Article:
Kakashi glanced back at him, saw the hand, and knew in an instant it would be easier to just give in. He clasped Gai's hand and allowed Gai to yank him to his feet. "Okay." Now that he was decided, he was just as brisk as he had been when his answer was a dismissal. "Let's go."

He gestured to Gai. "Aren't you going to dress up?"

"No," Gai said.

"Neither am I." Kakashi pulled a cheerful, energetic front from somewhere and grabbed Gai's arm, dragging Gai out of the apartment. He locked up quickly and started down the stairs.

"I can't dress up because I don't have anything to wear," Gai explained helpfully. "What about you, Kashi?"

Kakashi glanced at him. "I don't have anything either."

"We'll have each other," Gai said.

Kakashi snorted. Walking around the festival in his work uniform, trailed by the only other person in Konoha wearing their work clothes. A ridiculous image. We'll stick out like sore thumbs. "We'll be two of a kind. I suppose that's the best we can do."

"I was thinking that we could use Henge," Gai said. "I-If we wanted to."

Kakashi stopped mid-stride and looked at Gai in surprise.

"To make festival clothing," Gai said. "To at least make it appear as though we fit in."

Kakashi was momentarily overwhelmed. "That…is an excellent suggestion." He let go of Gai's arm and made hand seals. "I will implement that suggestion immediately." To get a mental image of what he wanted to appear to be wearing, he thought back quickly to the last yukata he saw in a storefront display. Blue and purple. Perfect. It'll do. "Henge!" A cloud of smoke burst forth. When it cleared, he appeared as himself, only instead of his navy and gray work clothes, he wore a blue yukata with an abstract purple design on it, secured with a silver obi.

He smiled at Gai. "Your turn."

Gai reacted with hands clenched with emotion and tears in the corners of his eyes. "Yahoo! Let's do it, Rival! Alright – here I go!" He performed the Henge, and out of the cloud of smoke, he appeared again, wearing a green yukata with orange goldfish on it, secured with a blue obi. In addition, a small red fan stuck out of his obi in the back, a perfect festival-related touch.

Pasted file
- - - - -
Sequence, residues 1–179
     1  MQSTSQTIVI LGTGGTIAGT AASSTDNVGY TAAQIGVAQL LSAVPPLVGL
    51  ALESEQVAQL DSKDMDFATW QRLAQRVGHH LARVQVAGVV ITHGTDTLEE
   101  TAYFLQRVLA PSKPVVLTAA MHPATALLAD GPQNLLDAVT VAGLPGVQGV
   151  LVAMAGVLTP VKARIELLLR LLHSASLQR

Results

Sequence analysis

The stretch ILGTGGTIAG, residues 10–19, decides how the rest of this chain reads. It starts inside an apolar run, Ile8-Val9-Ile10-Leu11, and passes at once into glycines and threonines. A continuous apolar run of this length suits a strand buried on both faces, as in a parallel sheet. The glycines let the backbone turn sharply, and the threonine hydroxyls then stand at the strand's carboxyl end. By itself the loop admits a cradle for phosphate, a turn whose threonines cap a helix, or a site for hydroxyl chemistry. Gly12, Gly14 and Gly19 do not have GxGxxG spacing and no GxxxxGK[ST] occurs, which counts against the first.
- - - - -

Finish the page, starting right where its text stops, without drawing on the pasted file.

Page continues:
Kakashi nodded approvingly. "A superior Henge." He humored Gai's challenges for a reason. Though he was better than Gai in terms of speed, strength, and chakra, those qualities were technicalities. When put his mind to something, when Gai wanted to do to it, he did it, no matter what the costs.

Gai looked happily flustered at the praise.

Kakashi suddenly realized that Gai had done something for him that no one else had done: dragged him out of his shell and encouraged him to have fun, simply for the sake of having fun. A festival was like that. Fun for the sake of fun.

He didn't know what to do with this moment. "Ah…let's get to the festival, then."

Gai nodded, visibly controlling the urge to cry. "Hai."

An idea flickered through Kakashi's mind. He smirked at Gai and took off at top speed, belatedly calling, "Race you!"

"Hey! No fair!" Gai recovered from his momentary shock and ran after Kakashi, trying helplessly to close the gap between them.

Kakashi was waiting at the candy apple stand for a full minute before Gai arrived, panting and strands of hair out of place.

Gai bent over double. "That…was…" He straightened with a snap. "So cool!"

Kakashi jumped, taken by surprise.

Tears flowed down Gai's cheeks. "A surprise challenge! You are a rival worthy of my constant attentions!"

Kakashi cut him off by holding out a candy apple. "For being such a good sport and not becoming angry with me."

Gai's eyes widened.

"I already paid for it." Kakashi waved it. "Go on. Take it."

Gai took the candy apple with a look of amazement. Then he grinned and grabbed another candy apple from the rack. "For being my rival!" He paid for Kakashi's candy apple and then thrust the candy apple into Kakashi's hand by the stick. He let go and looked at Kakashi triumphantly.

Kakashi stared down at the candy apple, bemused. Then he pulled down his mask underneath the genjutsu. "Hai." He raised the candy apple. "As rivals."

"Yeah!" Gai raised his apple as well.

As one, they took a huge bite out of their apples. Gai grinned, and Kakashi couldn't help but smile back at him.

They started out for the center of the festival, walking side by side.

Gai then spent the next two minutes making expressive faces and chewing.

Kakashi glanced at him. "What's the matter?"

"Too much caramel," Gai mumbled, muffled. "I can't chew."

Kakashi laughed.